The question is not whether to get worried if you bleed during sex. The correct question is when to panic? Bleeding during sex can be a real buzzkill? Why would this be happening?
In what universe is this normal? Anyway, even though you should be worried, some of these cases are normal. It is not uncommon to bleed especially if you are menstruating or are post-menopausal. The bleeding can be distressing but the reasons you are bleeding during sex can be benign most of the time.
According to research, vaginal bleeding that is not related to menstruation is a common complaint from women. Postcoital bleeding consists of bleeding or spotting unrelated to menstruation that can occur either during or after sex. The research found that as many as nine percent of women who menstruate, experience vaginal bleeding after sex. Another research found around 46-63% of postmenopausal women experience itching, tenderness, dryness and bleeding (or spotting) during or after sex. This is caused by hormonal changes affecting the vaginal tissues elasticity.
Some of these causes of vaginal bleeding may not be of concern but sometimes bleeding during or after sex can be a sign of a serious problem.
Causes of bleeding during sex but no pain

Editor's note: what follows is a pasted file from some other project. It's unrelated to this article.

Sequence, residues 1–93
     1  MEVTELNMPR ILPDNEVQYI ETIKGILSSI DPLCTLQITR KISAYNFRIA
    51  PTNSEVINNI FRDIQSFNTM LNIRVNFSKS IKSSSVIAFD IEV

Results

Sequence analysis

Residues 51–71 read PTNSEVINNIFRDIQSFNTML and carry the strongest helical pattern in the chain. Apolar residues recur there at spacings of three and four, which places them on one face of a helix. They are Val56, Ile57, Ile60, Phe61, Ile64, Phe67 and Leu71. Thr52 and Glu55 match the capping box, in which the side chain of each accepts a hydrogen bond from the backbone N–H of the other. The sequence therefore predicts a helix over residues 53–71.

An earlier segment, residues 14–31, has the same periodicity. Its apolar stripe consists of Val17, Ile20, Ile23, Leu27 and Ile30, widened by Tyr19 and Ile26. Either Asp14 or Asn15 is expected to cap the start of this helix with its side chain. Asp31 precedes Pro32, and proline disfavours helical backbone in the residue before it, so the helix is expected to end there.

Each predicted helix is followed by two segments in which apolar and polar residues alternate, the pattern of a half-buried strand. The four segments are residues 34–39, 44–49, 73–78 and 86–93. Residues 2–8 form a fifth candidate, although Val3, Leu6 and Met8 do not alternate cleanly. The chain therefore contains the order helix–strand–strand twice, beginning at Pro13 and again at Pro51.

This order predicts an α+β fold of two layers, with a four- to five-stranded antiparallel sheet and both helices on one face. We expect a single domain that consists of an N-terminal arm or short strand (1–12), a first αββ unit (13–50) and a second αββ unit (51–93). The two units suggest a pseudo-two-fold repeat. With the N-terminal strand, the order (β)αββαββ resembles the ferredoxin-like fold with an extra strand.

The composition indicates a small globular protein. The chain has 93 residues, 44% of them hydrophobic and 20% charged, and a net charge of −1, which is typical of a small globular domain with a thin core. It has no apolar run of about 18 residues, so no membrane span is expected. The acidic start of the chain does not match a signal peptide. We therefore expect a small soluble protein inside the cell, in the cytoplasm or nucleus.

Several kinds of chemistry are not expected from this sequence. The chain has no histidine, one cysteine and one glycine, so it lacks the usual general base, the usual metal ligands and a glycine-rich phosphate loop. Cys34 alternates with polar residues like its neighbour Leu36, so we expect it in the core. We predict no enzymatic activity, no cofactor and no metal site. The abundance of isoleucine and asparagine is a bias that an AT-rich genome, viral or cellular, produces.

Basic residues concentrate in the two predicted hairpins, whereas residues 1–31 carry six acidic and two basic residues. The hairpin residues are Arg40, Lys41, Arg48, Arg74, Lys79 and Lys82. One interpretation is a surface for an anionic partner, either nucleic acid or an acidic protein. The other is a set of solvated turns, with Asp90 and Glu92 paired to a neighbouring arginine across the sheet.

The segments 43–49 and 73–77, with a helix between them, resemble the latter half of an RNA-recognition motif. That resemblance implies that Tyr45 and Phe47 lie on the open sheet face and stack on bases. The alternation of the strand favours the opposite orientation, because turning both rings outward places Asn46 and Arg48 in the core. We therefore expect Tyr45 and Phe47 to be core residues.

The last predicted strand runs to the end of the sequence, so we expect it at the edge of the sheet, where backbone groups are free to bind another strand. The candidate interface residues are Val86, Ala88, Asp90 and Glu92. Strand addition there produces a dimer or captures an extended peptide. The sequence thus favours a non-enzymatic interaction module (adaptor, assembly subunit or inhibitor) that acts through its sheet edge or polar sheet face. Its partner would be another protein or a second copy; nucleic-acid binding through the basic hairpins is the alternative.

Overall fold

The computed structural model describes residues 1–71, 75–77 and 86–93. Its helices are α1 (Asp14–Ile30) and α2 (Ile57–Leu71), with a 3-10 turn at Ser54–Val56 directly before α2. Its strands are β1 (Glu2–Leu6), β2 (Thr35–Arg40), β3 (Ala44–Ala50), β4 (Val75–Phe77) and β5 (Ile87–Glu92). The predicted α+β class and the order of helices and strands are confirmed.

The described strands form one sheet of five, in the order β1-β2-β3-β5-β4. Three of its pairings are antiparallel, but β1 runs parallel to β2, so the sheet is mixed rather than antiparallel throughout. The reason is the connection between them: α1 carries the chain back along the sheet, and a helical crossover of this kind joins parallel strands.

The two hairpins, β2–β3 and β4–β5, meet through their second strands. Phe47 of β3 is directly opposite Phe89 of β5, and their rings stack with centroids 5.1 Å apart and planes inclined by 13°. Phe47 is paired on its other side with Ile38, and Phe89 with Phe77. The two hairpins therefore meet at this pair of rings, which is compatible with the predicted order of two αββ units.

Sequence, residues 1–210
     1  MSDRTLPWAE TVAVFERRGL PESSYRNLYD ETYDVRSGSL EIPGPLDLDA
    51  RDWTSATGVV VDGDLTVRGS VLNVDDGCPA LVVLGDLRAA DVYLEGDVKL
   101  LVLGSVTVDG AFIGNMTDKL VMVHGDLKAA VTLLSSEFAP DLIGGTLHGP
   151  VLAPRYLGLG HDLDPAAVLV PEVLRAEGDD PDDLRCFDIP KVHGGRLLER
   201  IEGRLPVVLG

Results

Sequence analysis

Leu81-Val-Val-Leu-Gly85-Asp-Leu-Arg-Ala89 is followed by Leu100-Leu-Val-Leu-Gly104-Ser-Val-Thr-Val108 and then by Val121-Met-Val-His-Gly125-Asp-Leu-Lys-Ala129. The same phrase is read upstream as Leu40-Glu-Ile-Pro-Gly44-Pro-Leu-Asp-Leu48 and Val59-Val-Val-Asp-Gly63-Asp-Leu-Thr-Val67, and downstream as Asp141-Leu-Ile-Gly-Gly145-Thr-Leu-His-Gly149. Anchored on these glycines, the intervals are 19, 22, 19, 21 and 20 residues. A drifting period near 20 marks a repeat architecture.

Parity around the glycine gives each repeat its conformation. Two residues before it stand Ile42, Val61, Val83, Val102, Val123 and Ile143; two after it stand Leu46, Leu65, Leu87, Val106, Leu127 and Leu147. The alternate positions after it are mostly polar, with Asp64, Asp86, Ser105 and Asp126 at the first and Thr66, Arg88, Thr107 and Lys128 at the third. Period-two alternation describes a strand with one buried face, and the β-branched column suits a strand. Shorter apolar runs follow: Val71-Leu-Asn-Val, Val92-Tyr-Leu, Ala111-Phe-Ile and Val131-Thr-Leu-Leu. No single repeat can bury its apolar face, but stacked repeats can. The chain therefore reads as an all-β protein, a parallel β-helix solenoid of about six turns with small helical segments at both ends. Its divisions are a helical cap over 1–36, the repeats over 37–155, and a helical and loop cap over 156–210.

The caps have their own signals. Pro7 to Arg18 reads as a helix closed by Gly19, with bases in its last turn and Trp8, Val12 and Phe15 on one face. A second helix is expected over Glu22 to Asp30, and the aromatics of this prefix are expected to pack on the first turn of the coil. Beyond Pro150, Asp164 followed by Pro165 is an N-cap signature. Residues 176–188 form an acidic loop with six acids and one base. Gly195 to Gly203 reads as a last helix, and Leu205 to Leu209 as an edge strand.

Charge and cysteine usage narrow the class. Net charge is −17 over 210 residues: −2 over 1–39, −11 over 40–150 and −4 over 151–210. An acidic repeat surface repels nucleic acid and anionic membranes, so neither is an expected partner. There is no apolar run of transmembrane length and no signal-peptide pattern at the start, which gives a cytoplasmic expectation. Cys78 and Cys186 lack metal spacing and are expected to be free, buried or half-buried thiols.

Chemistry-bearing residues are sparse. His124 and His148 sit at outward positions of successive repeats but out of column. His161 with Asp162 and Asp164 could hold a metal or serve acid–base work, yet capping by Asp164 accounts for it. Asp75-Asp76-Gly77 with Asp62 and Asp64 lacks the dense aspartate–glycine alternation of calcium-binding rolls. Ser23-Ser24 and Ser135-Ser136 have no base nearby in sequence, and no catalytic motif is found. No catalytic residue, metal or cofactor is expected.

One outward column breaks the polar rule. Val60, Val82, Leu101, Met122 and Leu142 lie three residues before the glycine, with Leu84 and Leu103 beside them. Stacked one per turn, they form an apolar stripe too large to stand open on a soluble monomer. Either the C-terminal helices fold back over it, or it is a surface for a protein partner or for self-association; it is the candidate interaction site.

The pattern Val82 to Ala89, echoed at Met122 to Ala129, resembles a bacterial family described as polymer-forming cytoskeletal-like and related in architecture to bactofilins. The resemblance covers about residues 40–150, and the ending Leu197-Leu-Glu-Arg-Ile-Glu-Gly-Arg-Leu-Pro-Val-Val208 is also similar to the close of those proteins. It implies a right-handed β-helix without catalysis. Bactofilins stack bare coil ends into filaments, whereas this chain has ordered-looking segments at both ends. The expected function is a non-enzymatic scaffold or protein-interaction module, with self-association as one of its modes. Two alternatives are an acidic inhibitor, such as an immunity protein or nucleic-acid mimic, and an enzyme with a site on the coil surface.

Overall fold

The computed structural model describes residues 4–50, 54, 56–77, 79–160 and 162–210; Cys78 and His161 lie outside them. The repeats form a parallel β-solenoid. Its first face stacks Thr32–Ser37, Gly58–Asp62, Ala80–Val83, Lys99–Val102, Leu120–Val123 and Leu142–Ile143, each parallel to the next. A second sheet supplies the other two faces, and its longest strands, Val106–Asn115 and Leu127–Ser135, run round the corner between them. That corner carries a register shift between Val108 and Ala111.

There are various reasons why you may experience a bloody discharge during intercourse and not feel any pain. The following are some of the most common causes that your doctor may discuss with you.
Direct trauma to the uterus, cervix and vagina can also lead to bleeding during sex. Most causes of trauma to these tissues are rough sex or tears and scrapes to the vagina. This can occur especially if vaginal dryness is present or the vagina is not lubricated enough during sex.
Although the vagina is self-lubricating, sometimes we don’t give it enough time to make its natural lube (this makes it slippery which protects the vaginal membranes.) Friction with a dry vagina can result in tears that can lead to bleeding.
Tears to the vagina caused by tampon use or when masturbating can also lead to bleeding during sex due to friction.